Imagine that the organization requires that every team (defined as a group with a manager/supervisor) has training on these four types of manager/employee interactions, when and how often each type is optimally used, how the conversation is best accomplished, and some role modeling.
Using elements of the ALAMO model (https://dwbracken.wordpress.com/2015/06/02/alamo-a-new-performance-model-webinar/) (across the top), we can provide examples of how the various interactions might go when initiated by the manager/supervisor. This table is provided to show the hopefully stark differences in the coaching styles available to a manager, each of which is appropriate under certain circumstances, though typically overused (Director) or underused (Activator).
|Checker||“Are you clear on your assignment?”||“Is there anything you need to know?”||“Are you making progress?”||“Do you have what you need?”|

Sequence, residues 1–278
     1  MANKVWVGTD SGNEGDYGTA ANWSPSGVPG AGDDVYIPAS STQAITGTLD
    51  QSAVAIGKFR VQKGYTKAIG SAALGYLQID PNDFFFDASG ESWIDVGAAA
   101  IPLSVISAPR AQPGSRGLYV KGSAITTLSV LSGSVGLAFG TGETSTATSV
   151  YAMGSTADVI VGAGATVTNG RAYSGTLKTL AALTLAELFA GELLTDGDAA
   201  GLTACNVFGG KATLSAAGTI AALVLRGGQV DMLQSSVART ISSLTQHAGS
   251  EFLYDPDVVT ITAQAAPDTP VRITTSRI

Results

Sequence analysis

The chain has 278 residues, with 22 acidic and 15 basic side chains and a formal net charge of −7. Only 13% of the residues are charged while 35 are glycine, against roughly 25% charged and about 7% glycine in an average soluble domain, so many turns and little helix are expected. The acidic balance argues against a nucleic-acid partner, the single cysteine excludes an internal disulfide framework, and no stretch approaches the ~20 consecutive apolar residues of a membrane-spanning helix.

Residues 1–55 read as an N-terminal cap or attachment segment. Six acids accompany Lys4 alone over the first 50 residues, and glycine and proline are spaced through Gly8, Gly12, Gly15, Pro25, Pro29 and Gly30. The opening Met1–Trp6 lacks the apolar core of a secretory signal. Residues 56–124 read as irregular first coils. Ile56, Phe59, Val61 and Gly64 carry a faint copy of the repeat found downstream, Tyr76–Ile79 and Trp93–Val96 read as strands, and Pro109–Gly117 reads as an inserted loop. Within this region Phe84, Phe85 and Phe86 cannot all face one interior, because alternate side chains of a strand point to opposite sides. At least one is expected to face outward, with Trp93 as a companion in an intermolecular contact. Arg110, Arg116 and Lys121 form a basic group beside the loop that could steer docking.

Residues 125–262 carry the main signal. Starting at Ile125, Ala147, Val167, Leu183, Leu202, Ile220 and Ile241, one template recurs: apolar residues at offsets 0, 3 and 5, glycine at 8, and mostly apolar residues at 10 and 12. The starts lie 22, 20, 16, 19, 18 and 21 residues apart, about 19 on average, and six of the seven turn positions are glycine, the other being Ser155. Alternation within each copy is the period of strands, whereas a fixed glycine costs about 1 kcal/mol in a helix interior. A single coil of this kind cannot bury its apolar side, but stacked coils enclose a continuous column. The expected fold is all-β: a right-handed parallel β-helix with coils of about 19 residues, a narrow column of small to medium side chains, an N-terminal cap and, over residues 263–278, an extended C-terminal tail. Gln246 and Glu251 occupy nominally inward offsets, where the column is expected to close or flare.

|Director||“I know what is best. Go do it.”||“Here’s how to do it. It has worked for me before.”||“Success or failure will affect your PA rating.”||“Here’s your time frame and budget. Make it work.”|
|Activator||“What do you think is the best way to achieve this goal?”||“Yes, that approach is a good match for your skills.”||“It seems like you are most excited by this approach.”||“Are there any barriers that might hinder your progress?”|
|Developer||What are your career goals? What does the organization need?||What abilities will you need to develop to get there?||Why do you want to go that direction?||Why haven’t you already started?|
This can create a “language” for the team and for the organization, for that matter. Whether initiated by the manager or the employee, any formal or informal conversation might begin by saying, “Here’s the situation, and let’s have a quick Directive discussion”, or “Let’s have an Activation discussion on how to approach this,” and then dive in. Each person knows they are having a “coaching” session, whether informal or formal, and the basic objective. Or “I’m just checking in. Everything going OK?”